Meige syndrome: What's in a name?
Frequently, blepharospasm is associated with involuntary movements of the platysma, lower face and masticatory muscles. Similarly, masticatory dystonia may occur in isolation or in combination with dystonia of other cranial and cervical muscles. The non-possessive and possessive forms of Meige and Brueghel syndromes have been variably and imprecisely ascribed to various anatomical variations of craniocervical dystonia. Herein, the origin of eponymic terms as applied to craniocervical dystonia is reviewed as support for proposed elimination of these eponyms from clinical usage. Although the term "segmental craniocervical dystonia" more accurately captures the combination of blepharospasm and dystonia of other head and neck muscles, delineation of craniocervical subphenotypes is essential for etiological/genetic and treatment studies. To conclude, the clinical features, epidemiology, pathophysiology and therapeutic management of segmental craniocervical dystonia are examined with a particular focus on "blepharospasm-plus" subphenotypes. © 2009 Elsevier Ltd. All rights reserved.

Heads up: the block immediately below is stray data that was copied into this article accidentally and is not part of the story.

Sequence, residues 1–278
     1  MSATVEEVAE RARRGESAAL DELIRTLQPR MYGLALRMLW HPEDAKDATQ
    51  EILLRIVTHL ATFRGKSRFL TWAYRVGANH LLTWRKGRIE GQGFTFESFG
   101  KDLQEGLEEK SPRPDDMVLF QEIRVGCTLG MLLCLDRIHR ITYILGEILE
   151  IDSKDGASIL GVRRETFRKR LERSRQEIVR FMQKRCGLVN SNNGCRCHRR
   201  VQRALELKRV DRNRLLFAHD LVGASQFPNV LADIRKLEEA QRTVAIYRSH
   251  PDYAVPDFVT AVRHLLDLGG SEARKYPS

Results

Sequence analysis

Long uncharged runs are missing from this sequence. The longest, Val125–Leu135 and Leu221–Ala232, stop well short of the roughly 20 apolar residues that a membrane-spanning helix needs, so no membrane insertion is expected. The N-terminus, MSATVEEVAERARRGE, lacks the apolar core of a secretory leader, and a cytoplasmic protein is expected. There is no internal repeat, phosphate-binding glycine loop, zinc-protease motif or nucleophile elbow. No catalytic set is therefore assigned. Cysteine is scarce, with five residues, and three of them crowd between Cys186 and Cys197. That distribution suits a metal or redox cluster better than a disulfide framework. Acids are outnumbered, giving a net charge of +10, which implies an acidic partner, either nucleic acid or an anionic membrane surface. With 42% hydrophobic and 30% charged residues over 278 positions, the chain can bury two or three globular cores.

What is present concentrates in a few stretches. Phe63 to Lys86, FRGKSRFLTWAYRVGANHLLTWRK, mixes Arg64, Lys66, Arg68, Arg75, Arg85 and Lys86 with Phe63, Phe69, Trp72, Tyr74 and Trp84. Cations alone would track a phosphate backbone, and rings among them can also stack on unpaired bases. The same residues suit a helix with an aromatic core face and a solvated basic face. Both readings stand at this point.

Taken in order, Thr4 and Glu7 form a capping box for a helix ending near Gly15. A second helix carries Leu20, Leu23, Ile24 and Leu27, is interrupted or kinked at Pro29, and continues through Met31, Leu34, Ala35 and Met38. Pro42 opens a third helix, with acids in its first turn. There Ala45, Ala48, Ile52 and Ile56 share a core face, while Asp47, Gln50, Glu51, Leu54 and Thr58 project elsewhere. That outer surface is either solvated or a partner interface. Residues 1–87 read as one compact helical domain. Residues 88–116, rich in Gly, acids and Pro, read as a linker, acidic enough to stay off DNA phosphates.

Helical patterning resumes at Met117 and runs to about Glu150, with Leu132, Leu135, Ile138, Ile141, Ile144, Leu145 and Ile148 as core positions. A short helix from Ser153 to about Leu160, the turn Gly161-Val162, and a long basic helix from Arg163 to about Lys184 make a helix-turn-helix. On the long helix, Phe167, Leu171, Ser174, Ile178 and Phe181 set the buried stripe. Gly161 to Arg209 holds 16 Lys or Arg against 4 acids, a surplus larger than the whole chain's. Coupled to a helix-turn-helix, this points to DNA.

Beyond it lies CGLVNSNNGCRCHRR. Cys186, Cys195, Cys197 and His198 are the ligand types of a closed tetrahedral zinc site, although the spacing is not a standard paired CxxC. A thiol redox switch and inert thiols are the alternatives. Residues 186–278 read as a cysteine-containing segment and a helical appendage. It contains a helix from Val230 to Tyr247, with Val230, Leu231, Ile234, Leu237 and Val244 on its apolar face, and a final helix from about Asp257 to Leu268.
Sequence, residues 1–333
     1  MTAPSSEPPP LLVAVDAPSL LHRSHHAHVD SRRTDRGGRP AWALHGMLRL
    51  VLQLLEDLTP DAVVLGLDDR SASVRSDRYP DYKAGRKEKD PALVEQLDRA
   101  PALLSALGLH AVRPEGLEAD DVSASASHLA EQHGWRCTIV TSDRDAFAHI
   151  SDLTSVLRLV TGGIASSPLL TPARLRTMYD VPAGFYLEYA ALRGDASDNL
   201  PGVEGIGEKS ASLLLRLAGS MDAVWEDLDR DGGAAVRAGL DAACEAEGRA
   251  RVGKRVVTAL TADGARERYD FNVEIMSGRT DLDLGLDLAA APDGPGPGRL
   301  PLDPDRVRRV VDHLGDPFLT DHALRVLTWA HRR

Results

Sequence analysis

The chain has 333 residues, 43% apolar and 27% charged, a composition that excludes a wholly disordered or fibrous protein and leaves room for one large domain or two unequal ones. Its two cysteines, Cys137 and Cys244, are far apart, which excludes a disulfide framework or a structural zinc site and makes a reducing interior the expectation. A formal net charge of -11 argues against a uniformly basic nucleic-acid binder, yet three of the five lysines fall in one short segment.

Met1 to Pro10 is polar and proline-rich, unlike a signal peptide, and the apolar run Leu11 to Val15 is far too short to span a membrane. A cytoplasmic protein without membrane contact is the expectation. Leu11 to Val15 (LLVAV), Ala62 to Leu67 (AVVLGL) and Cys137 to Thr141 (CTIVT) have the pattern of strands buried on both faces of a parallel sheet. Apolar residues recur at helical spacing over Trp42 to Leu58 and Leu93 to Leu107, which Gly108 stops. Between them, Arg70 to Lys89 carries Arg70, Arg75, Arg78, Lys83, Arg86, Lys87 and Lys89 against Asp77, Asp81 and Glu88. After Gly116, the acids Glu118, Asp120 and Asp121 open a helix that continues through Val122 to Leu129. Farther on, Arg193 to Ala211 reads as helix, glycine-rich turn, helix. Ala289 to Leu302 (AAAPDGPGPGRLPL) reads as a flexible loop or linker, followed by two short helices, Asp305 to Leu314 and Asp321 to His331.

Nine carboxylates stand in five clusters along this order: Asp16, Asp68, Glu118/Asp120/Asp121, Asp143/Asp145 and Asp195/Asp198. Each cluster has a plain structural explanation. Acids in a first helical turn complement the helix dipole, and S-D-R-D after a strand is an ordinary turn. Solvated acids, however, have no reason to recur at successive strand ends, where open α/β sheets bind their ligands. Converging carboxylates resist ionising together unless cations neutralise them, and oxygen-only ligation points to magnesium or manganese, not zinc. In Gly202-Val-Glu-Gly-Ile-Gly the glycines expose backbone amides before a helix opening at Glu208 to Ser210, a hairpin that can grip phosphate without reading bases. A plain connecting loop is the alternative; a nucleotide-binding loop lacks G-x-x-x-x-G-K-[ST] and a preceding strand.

Parkinsonism and Related Disorders
LeDoux, M. (2009). Meige syndrome: What's in a name?. Parkinsonism and Related Disorders, 15 (7), 483-489. https://doi.org/10.1016/j.parkreldis.2009.04.006